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Remembering the victims of violence at Eid

The world needs music for peace on the birthday of the Prophet Muhammad

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Remembering the victims of violence at Eid

Muslims pray at the Notre-Dame de la Garde Basilica in Marseilles, France, on Oct. 29 during a gathering to pay tribute to the victims of a knife attack inside a church in Nice. (Photo: AFP)

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Just when you thought things couldn't get any worse in 2020, three people were killed on Oct. 29 in a knife attack in a French church. France is now on its highest level of security alert.

“We are at war. This morning Islamo-fascism struck #Nice06 to the heart. Because we do not win a war with the laws of peace, we must convene Congress next week to give additional, exceptional and temporary powers to the chief of the army,” Christian Estrosi, mayor of Nice, said in a tweet.

Estrosi referred to the tragedy at Notre-Dame Basilica in Nice where a Tunisian man shouting “Allahu Akbar” (God is Greatest) beheaded a worshipper before being shot and taken away by police.

The attack came two weeks after history teacher Samuel Paty was beheaded by a Muslim student just days after showing caricatures of the Prophet Muhammad in a class on freedom of speech. His killer, an 18-year-old Russian-born Muslim refugee of Chechen descent, was shot dead by police minutes later.

The French didn’t stop here. Caricatures of the Prophet Muhammad from the French satirical magazine Charlie Hebdo were displayed for several hours on a government building on Oct. 21 as part of a tribute to the deceased teacher.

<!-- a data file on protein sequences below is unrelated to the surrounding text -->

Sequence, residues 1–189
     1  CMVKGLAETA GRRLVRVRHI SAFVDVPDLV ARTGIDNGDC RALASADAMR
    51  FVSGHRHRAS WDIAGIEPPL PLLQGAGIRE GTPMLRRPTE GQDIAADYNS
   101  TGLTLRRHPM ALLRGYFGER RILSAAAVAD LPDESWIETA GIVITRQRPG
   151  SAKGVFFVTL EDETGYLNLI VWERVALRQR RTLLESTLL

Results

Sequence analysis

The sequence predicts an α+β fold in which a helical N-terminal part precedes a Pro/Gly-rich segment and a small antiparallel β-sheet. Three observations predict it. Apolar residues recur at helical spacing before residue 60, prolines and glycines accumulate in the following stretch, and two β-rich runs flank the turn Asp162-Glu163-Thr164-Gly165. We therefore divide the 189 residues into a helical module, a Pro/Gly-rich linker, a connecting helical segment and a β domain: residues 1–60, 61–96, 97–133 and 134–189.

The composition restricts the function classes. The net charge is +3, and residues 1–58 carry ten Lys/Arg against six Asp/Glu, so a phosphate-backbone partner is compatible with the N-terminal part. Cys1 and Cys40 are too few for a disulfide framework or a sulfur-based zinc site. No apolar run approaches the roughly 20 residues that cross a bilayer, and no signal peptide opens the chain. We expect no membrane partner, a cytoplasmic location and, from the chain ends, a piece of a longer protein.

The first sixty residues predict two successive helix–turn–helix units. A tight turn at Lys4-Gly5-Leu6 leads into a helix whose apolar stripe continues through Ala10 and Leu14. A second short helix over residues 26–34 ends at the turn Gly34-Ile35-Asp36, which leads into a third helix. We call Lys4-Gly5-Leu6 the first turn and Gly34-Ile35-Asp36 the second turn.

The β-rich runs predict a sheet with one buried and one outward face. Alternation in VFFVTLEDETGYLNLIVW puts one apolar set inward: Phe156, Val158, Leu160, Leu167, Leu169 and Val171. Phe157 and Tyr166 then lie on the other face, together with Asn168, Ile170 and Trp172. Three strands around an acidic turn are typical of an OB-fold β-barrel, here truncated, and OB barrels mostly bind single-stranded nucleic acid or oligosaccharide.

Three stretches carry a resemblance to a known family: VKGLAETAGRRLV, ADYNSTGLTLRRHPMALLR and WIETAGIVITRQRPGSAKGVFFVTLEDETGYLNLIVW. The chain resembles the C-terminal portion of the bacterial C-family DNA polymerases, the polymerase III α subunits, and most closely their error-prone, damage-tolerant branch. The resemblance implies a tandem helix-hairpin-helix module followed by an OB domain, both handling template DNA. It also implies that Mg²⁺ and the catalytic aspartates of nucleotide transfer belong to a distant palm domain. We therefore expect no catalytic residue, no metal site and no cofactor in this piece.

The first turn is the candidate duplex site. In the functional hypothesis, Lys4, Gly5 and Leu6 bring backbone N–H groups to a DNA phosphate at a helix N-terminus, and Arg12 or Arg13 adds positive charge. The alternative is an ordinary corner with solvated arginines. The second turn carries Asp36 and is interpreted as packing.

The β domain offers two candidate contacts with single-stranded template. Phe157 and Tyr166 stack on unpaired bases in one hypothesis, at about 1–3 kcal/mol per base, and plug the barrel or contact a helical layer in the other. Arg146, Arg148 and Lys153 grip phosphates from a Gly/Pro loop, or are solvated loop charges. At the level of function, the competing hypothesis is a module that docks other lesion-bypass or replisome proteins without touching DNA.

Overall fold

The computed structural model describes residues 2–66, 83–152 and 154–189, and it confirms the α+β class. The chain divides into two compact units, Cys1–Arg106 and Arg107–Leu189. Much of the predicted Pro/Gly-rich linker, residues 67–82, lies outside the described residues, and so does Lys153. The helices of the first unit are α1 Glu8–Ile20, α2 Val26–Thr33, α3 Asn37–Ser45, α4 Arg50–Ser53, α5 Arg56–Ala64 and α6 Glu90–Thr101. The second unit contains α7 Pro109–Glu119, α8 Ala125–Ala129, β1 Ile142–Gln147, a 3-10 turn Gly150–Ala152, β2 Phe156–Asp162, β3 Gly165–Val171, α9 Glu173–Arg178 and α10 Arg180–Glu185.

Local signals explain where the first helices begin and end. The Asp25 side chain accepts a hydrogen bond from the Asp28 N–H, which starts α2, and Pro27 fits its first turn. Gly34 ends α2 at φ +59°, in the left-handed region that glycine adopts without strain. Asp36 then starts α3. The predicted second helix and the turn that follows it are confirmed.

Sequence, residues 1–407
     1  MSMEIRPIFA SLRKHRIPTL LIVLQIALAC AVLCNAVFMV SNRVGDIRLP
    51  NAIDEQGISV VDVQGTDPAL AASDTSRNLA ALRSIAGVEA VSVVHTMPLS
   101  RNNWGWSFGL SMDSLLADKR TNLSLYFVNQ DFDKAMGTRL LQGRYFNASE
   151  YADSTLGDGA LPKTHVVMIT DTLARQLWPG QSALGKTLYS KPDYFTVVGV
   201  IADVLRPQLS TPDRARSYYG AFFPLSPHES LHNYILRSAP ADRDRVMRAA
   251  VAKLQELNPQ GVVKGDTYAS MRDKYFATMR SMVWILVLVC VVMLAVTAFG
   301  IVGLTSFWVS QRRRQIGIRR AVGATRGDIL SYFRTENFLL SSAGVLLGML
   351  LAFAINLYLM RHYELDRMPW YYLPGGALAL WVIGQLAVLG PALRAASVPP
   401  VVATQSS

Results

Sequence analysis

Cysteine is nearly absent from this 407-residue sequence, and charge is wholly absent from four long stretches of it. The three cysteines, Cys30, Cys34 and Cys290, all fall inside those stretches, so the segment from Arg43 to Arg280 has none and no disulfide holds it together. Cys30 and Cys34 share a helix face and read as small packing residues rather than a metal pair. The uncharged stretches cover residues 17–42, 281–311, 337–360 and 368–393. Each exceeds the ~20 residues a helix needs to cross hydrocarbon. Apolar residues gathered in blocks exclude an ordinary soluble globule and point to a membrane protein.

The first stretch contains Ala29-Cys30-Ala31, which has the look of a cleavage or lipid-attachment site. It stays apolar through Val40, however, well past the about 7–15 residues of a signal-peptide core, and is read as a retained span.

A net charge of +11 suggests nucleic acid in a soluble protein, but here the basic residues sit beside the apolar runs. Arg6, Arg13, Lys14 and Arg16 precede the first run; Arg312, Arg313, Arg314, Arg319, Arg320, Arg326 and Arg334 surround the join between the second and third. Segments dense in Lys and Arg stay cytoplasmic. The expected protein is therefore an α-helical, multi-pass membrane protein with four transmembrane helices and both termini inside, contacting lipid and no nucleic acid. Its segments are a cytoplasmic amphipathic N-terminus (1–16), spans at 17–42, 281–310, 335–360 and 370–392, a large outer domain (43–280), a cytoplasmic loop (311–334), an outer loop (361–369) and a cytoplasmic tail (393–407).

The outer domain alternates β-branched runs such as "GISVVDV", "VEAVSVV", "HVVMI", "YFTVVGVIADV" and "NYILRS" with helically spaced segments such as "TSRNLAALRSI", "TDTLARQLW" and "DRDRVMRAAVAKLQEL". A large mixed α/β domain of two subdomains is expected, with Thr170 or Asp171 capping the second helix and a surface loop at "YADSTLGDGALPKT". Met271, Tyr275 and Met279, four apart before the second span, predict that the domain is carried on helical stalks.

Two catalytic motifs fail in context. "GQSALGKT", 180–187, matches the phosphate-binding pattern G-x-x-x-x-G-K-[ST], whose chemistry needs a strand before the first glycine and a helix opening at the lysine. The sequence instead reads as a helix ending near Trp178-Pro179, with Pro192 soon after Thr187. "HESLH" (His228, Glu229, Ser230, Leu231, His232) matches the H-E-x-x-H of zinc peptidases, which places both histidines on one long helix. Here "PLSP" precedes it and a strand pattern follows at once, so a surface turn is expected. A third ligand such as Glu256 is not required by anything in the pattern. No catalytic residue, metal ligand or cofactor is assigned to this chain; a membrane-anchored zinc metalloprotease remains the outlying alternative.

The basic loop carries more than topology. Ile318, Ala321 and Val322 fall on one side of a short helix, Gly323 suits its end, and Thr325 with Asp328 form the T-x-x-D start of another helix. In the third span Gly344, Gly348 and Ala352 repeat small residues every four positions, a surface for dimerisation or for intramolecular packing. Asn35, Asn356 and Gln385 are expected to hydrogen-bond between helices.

“President Emmanuel Macron should have dealt with the issue of the teacher’s murder with the legal procedures of the French law rather than connecting it to religion. This specific case should not be used as a scapegoat for the politicization of religion. Believe me, it is always hurting,” OFM Father Jamil Albert, a proponent of interfaith dialogue in Lahore, told me.

“I condemn the murder of churchgoers. No religion allows or justifies such brutal killings. Such acts are blasphemous in themselves and must not be defended.”

Unfortunately, the projection of controversial cartoons sparked a new controversy in a world already plagued with a virus never seen before. The “tribute” led to tragedy. Churchgoers in Notre-Dame Basilica were collateral damage in a war they were neither prepared for nor part of. The defenders of the republic should have taken their safety into account before the war cry. 

In fact, all Christians, whether they pray at a church or not, are now at risk in Islamic countries where they are seen as connected to the West due to their faith, Gothic cathedrals and Western attire.

Church reaction

Sebastian Shaw, the archbishop of Lahore, has already pasted a banner to protect important sites such as Sacred Heart Cathedral and adjoining schools. 

“Condemnation. We stand with our Muslim brothers and condemn the French president for displaying the blasphemous caricatures. Using religion for sectarianism is against humanity,” it states.

Earlier this week, the prelate held an interfaith press conference at the bishop’s house to dispel any association with Macron.